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As Deaths Surge, Sri Lanka Prepares For 10-day Lockdown


Sri Lanka has announced a 10-day lockdown starting on Friday night in an effort to curb the spread of the coronavirus, as surging infections and deaths overwhelm the island nation’s hospitals, morgues and crematoriums.

The Indian Ocean nation was forced to bow to intense pressure from medical experts after it recorded its highest single-day death toll of 187 and 3,793 cases on Wednesday.

The country has reported a total of 372,079 infections since the start of the outbreak last year, with 6,604 deaths. Health experts said the actual toll was at least twice as much.

“Nationwide Lockdown in effect from 10pm today (20/08) to Monday (30/08). All essential services will function as normal,” Health Minister Keheliya Rambukwella said on Twitter.

President Gotabaya Rajapaksa met with members of the presidential task force on coronavirus and was expected to address the nation on Friday evening.

A junior minister for health, Channa Jayasumana, had called the Delta variant of the virus “a powerful bomb which has exploded in Colombo and is spreading elsewhere”.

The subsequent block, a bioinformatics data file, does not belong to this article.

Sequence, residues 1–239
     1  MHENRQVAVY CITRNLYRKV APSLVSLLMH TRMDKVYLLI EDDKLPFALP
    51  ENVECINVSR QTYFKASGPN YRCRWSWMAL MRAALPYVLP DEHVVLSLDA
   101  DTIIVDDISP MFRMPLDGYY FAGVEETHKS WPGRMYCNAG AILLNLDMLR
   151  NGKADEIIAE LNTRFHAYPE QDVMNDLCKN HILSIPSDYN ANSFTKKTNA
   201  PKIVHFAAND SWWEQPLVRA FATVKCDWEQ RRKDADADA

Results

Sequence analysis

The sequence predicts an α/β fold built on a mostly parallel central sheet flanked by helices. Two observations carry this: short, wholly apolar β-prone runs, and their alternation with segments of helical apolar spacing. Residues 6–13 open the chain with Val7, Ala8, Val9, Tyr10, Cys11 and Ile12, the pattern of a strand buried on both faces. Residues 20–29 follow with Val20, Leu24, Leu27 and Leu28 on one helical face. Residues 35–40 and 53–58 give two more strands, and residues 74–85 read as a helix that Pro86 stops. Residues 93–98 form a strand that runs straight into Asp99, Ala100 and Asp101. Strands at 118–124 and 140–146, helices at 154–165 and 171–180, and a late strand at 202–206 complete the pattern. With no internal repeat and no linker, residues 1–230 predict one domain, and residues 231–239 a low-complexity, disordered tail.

Medical professionals, religious leaders, politicians and businessmen have called for an immediate nationwide lockdown to curb the spread of infections.

Warning that hospitals and morgues were reaching their maximum capacities, doctors and trade unions repeatedly urged the government to impose a lockdown.

The government delayed the action, citing the ailing economy.

Daily infections have more than doubled in a month to an average of 3,897, according to the Reuters Global COVID-19 tracker.

Hospitals in the country of 21 million people are overflowing with COVID-19 patients as the highly transmissible Delta variant surges through the population.

“If they listen to us it will be good for our leaders and for the country,” said lawmaker Tissa Witarana, a supporter of a strict national lockdown, before the health minister’s announcement.

Many restrictions are already in place, with schools, gyms and swimming pools closed and weddings and musical shows banned. Authorities also imposed a night curfew from Monday, restricting movement from 10pm until 4am every day.

Sri Lanka’s third wave of infections has been blamed on traditional Sinhala and Tamil New Year celebrations in mid-April.

Following a month-long lockdown, the government reopened the country in June relying on an aggressive vaccination drive as its main strategy to deal with the spread.

About a quarter of Sri Lanka’s population has been fully vaccinated, a majority of them with China’s Sinopharm vaccine.

Sri Lanka has also approved Pfizer, Moderna, AstraZeneca and Russia’s Sputnik V shots.

Despite more than five million of the 21 million population receiving two doses of vaccine, the virus has infected more people beyond the capacity of state and private sector hospitals.

With bodies piling up at several state hospitals, the government resorted to mass cremations last week.



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